Saturday, April 19, 2014
Inquirer Daily News

Council hearing notebook: Arguing about the trash fee

Earlier today, top officials from the Nutter Administration appeared before City Council to explain and defend the revenue proposals in their budget plan, including a $300 fee on residental properties for trash collection.

Council hearing notebook: Arguing about the trash fee

Earlier today, top officials from the Nutter Administration appeared before City Council to explain and defend the revenue proposals in their budget plan, including a $300 fee on residental properties for trash collection.

The hearing lasted nearly 5 hours, so this isn't intended to be a complete summary, but here are the arguments made in support of and in opposition to the fee.

Steve Agostini (City Budget Director): Agostini pointed to the drop in tax revenue during the recession to explain the city's need for more money, and outlined the measures the administration has already taken, including spending cuts, a sales tax increase, and a freeze in tax cuts, to explain why be believes the trash fee is necessary. He did say, however, that the administration is open to working with Council on alternatives to the fee.

Clarena Tolson (Streets Commissioner): Tolson testified that the trash fee is the best option available for raising money to preserve services and personnel. She also said that expanding recycling initiatives would help residents defer the cost of the fee, mostly by rewarding them with coupons. Tolson argued that imposing a flat fee on property owners (as opposed to charging residents for the amount of waste they produce) is the easiest way to collect the money.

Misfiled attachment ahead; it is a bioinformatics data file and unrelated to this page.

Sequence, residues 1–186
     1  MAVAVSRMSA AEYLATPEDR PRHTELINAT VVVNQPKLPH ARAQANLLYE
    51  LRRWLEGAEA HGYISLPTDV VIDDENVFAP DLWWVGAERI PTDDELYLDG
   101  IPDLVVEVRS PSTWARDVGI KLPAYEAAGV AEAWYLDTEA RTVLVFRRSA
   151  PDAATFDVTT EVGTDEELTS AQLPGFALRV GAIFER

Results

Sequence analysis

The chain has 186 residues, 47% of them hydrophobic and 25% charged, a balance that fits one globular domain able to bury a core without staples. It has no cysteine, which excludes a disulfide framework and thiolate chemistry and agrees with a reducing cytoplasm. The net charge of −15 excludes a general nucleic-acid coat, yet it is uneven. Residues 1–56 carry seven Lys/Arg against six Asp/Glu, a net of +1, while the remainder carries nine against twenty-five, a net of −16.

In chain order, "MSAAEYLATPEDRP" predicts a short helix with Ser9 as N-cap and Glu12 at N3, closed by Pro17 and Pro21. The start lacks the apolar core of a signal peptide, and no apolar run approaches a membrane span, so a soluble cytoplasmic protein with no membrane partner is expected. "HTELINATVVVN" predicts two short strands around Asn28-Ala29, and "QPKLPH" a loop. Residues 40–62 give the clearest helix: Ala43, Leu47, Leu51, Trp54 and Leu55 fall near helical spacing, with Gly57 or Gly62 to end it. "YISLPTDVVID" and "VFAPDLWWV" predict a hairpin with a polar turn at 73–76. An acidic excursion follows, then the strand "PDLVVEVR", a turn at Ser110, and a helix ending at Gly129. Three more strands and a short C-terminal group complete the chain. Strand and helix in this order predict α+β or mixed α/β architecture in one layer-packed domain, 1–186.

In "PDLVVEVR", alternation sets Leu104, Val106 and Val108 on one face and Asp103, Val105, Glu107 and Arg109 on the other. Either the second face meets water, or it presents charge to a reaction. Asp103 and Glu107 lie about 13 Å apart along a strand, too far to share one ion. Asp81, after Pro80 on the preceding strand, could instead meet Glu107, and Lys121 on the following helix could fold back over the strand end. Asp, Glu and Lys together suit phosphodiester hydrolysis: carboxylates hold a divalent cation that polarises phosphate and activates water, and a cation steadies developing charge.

Councilman Bill Green: Green questioned the structure of the trash fee. He repeatedly asked if the city had considered “Pay-As-You-Throw”, which would charge residents for the amount of trash they produce, rather than a flat fee.

Councilwoman Donna Reed Miller: Miller asked why the proposed trash fee would be permanent, if most of the budget issues are due to the recession. She also questioned whether the fee is fair to seniors and other people living on a fixed income.

Councilman Goode: Throughout the hearing, Goode brought up the point that pension costs are a huge part of the city budget. He characterized the trash fee as a “pension fee,” since much of the money would go to pension payments for retired workers. He said the same thing about the soda tax. He made no additional proposals about how to deal with the pension issue.

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